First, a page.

Monday, May 8, 2017

Short Story Month 2017: Part 4: Short-Story Writers on Leaving Things OUt


Leaving Things Out

Anton Chekhov:  "In short stories it is better to say not enough than to say too much, because, because--I don't know why."

Rudyard Kipling:  "A tale from which pieces have been raked out is like a fire that has been poked. One does not know the operation has been performed, but everyone feels the effect."

Hemingway:  “If a writer of prose knows enough about what he is writing about, he may omit things that he knows and the reader, if the writer is writing truly enough, will have a feeling of those things as strongly as though the writer had stated them.”

William Boyd:  “Something occurs in the writing - and reading - of a short story that is on another level from the writing and reading of a novel. The basic issue, it seems to me, is one of compression versus expansion. The essence of almost every short story, by contrast, is one of distillation, of reduction. It's not a simple question of length, either. We are talking about a different category of prose fiction altogether.”

Peter Taylor:  “Compression is what I have set great store by as a short-story writerThe short-story writer is concerned with compression, with saying as much as he can in a short space, just as the poet is. So he has to choose the right dramatic moment for the presentation. If he can do that in writing a story, he can have as big a canvas as he would with a novel. That’s the genius of the short-story writer—finding precisely the right moment in the vital interplay between the characters.”

John Barth:  “We may safely generalize that short story writers, as a class, from Poe to Paley, incline to see how much they can leave out, and novelists as a class, from Petronius to Pynchon, how much they can leave in.”

William Trevor:  “I think the short story is the art of the glimpse.  If the novel is like an intricate Renaissance painting, the short story is an impressionist painting. It should be an explosion of truth. Its strength lies in what it leaves out just as much as what it puts in, if not more. It is concerned with the total exclusion of meaninglessness. Life, on the other hand, is meaningless most of the time.”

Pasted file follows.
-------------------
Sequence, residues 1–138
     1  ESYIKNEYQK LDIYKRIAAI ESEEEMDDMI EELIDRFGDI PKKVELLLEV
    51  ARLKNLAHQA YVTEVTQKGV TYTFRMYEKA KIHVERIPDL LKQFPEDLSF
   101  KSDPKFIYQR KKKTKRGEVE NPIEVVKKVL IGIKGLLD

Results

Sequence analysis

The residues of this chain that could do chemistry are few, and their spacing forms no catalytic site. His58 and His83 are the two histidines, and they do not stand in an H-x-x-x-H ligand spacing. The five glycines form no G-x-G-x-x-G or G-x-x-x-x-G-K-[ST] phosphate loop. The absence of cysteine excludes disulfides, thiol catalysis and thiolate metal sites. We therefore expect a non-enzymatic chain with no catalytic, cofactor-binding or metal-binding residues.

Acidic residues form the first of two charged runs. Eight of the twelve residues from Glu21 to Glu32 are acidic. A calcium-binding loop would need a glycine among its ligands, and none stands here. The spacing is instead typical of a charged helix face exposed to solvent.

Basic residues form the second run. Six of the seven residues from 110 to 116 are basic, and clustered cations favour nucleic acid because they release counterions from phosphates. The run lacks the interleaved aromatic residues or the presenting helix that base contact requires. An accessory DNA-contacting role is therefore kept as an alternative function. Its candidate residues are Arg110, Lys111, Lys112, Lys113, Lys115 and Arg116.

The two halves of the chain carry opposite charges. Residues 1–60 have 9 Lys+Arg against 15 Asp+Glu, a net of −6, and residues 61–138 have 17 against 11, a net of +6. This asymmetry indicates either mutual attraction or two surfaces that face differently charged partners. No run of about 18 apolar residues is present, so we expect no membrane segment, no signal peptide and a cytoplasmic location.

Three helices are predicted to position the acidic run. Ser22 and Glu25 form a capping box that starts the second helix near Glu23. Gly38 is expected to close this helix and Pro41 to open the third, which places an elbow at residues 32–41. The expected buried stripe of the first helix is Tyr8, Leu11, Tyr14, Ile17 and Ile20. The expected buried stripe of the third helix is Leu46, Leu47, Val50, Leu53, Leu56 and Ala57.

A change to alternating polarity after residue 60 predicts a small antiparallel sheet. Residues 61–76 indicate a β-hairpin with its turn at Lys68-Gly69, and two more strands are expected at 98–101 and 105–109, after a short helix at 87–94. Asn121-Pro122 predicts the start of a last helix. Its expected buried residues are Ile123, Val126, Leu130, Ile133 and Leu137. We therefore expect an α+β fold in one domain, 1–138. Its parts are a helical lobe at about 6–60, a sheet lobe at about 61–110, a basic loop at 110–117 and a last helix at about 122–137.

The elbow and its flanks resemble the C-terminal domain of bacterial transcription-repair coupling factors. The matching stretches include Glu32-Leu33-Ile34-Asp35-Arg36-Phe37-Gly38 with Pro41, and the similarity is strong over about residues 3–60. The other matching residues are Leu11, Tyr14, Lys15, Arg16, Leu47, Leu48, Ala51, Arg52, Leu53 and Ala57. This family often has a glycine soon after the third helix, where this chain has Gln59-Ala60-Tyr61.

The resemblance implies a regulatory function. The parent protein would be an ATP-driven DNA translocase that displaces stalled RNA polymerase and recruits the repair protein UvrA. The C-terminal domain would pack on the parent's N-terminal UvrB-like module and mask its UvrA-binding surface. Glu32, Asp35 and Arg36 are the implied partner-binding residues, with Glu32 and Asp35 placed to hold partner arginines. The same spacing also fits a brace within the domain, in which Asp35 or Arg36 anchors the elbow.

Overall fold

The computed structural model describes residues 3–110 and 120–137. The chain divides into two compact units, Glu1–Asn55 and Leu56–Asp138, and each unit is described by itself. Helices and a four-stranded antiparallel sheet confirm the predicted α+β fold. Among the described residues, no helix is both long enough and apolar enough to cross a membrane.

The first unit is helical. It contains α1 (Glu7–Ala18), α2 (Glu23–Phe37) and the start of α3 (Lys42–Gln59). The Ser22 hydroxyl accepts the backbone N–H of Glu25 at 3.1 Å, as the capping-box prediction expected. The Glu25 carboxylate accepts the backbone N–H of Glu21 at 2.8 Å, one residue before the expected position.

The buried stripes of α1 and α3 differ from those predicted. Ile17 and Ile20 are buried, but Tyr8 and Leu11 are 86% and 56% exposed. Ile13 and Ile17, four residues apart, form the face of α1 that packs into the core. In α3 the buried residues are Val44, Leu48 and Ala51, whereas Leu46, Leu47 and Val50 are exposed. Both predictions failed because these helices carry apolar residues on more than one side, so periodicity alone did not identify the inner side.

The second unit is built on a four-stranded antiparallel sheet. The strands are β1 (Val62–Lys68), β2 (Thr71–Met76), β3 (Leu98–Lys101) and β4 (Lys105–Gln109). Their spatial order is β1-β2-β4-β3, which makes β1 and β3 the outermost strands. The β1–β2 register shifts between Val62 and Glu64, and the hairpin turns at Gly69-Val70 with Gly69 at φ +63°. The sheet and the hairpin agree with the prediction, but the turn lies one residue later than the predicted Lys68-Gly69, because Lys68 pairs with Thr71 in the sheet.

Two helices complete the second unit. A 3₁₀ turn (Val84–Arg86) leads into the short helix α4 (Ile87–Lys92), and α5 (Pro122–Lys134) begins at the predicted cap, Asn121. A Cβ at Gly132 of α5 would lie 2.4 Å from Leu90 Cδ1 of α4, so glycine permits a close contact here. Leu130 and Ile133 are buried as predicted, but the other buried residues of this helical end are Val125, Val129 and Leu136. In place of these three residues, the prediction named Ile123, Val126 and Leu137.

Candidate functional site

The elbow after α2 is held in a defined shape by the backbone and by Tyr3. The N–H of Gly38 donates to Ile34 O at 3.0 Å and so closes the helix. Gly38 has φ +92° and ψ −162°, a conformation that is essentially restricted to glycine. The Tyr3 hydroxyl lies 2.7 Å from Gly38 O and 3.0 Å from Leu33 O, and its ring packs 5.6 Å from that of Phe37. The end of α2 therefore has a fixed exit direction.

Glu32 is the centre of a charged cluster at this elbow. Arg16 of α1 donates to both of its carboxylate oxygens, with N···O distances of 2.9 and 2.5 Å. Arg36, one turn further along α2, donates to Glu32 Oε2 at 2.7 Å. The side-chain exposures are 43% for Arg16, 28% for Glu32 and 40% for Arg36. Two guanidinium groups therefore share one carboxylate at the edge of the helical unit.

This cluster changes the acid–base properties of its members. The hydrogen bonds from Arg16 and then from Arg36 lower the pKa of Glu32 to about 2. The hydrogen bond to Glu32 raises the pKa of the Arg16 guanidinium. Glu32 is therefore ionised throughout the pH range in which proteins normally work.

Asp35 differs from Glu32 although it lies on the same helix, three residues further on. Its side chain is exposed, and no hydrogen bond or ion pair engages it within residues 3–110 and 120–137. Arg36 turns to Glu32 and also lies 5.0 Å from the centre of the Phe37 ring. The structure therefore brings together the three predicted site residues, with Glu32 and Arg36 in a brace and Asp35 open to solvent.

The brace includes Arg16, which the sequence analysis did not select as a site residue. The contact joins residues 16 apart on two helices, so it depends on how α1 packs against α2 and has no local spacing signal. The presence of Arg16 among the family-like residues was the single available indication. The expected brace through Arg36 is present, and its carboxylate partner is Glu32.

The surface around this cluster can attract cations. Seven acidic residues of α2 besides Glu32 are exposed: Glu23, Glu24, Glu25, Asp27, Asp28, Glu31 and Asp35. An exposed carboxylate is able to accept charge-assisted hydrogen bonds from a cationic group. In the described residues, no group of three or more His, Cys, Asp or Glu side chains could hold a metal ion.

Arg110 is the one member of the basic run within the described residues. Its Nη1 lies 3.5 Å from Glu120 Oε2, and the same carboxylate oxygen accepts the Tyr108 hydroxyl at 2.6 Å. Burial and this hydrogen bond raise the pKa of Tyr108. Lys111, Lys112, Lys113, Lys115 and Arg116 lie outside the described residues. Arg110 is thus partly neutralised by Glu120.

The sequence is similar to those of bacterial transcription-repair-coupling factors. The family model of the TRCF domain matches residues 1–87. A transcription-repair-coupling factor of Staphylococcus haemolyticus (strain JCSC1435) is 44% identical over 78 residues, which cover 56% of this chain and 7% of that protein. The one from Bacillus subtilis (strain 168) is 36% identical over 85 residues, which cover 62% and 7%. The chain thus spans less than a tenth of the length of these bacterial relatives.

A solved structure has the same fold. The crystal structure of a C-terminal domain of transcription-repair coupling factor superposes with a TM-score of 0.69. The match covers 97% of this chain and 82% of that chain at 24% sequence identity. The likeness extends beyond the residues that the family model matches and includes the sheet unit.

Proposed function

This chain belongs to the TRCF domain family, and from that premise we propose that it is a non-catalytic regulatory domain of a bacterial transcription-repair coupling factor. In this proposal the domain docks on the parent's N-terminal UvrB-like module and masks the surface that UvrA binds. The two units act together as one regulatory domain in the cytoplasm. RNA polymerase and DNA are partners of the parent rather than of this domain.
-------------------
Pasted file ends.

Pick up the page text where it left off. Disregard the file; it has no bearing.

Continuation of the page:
Julio Cortezar:  “The short story begins with the notion of limits…it cuts off a fragment of reality, giving it certain limits, but in such a way that this segment acts like an explosion which fully opens a much more ample reality.”

Anne Beattie:  “Any life will seem dramatic if you omit mention of most of it.”

2 comments:

Graham Riach said...

Thanks very much for all these wonderful quotes! I came across this one recently from Elif Batuman, in an article called Short Story & Novel: American Writing Today :

‘The short-story form can only accommodate a very specific content: basically, absence. Missing persons, missed opportunities, very brief encounters, occurring in the margins of “Life Itself”: when the content is minimalist, then it makes sense to follow the short-fiction dictates: condense, delete, omit.’

Charles May said...

Thanks for this, Graham. I had not seen it before. I like it; it makes much sense to me.